This house-cleaning at Acaltel-Lucent comes just two weeks after AMD kicked Hector Ruiz upstairs. In virtually the same breath that AMD announced Ruiz would be relieved of his CEO post but continue as chairman, the company said it will divest much of the business it picked up with its $5.4bn purchase of graphics chip maker ATI Technologies. Announcing the deal two years ago, Ruiz said his combination offered ‘limitless’ possibilities for innovation. Instead, the future of AMD looks rather limited, in large part because of the $2.5bn it borrowed to cover its disastrous purchase of ATI. AMD’s total debt stands at $5bn, compared with just $1.6bn in cash.

Meanwhile, a chief executive who we’ve always thought must be on the hot-seat for a misguided acquisition appears to have gotten a bit of a reprieve this week. Symantec CEO John Thompson said Wednesday that fiscal first-quarter sales of its backup products outpaced overall revenue growth. That reverses the recent weakness in the company’s storage offering, which Symantec acquired with its $13.5bn purchase of Veritas in December 2004. Wall Street applauded the company’s report, with shares up about 10% since Wednesday. Still, Thompson has yet to recognize much value from the three-and-half-year-old purchase of Veritas. Symantec shares, which changed hands at $21.74 midday on Friday, are still about $6 below where they were when the company picked up Veritas. Perhaps that goes some distance to explaining the loose rumors this week that something big – possibly the much-discussed divestiture of the storage business or even an outright sale of the company – was brewing at Symantec.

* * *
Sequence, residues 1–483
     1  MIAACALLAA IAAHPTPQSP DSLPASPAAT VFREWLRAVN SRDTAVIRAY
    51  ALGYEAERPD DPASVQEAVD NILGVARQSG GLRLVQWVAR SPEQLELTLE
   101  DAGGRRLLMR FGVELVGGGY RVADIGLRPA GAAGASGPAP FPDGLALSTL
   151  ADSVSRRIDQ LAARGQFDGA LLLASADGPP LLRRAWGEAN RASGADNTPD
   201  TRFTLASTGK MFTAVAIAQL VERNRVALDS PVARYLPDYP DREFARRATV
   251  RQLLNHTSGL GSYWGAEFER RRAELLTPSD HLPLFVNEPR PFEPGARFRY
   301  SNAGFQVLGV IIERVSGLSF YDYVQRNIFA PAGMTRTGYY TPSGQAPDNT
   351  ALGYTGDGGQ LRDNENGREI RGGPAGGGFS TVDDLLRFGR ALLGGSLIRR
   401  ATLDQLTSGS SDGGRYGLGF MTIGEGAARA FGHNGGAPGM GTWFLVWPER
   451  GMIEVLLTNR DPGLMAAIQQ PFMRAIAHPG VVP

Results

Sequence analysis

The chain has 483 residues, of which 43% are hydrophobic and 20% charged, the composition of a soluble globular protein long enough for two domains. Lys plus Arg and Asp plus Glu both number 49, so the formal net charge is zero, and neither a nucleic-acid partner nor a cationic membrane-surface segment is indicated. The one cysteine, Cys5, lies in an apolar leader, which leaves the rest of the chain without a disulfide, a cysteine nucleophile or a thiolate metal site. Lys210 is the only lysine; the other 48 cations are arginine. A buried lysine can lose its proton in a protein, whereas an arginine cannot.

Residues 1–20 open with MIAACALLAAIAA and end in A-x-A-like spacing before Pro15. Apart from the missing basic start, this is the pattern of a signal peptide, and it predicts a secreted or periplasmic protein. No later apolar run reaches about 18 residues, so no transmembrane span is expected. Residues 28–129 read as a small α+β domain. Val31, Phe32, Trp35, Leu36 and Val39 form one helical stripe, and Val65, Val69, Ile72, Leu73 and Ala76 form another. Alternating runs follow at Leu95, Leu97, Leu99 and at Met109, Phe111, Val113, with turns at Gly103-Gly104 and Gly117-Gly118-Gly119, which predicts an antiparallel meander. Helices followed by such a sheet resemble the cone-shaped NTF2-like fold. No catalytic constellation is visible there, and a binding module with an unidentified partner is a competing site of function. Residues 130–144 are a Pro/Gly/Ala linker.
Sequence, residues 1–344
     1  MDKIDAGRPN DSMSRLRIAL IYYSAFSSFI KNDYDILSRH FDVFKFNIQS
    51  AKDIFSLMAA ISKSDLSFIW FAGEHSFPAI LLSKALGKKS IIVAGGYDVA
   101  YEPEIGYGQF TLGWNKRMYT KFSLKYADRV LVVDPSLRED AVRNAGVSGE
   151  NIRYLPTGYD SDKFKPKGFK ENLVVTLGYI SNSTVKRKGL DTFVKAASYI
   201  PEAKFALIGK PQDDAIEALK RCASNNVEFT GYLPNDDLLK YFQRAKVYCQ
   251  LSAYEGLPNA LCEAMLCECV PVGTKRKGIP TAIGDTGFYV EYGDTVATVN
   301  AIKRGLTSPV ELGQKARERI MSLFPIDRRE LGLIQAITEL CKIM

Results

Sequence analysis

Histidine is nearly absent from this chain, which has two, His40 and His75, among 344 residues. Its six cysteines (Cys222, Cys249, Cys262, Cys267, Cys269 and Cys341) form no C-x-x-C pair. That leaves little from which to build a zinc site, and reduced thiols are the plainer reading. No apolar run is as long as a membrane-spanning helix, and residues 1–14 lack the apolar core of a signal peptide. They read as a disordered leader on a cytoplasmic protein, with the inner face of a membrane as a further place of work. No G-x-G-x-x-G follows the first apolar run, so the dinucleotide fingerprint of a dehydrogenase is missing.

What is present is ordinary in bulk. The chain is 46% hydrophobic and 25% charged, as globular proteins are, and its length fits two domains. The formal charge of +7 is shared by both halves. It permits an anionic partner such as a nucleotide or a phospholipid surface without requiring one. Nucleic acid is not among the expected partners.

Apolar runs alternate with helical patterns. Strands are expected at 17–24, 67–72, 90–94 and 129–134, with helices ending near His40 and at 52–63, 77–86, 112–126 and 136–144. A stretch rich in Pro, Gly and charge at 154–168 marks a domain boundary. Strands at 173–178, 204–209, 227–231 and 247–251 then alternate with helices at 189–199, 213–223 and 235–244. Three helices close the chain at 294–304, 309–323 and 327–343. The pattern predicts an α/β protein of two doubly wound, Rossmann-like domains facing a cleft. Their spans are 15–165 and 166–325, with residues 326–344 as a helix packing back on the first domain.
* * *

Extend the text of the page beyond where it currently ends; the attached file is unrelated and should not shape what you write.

Leading the acquisition

Deal Stock performance since deal Status of acquiring company CEO since deal
Symantec-Veritas, Dec. 2004 Down 35% John Thompson, CEO since April 1999, continues to serve
Alcatel-Lucent, April 2006 Down 61% CEO Russo and chairman Tchuruk ousted this week
AMD-ATI, July 2006 Down 77% Long-time CEO Hector Ruiz replaced in mid-July
Secure Computing-CipherTrust, July 2006 Down 51% Chairman and CEO John McNulty replaced in April

Source: Company reports, The 451 M&A KnowledgeBase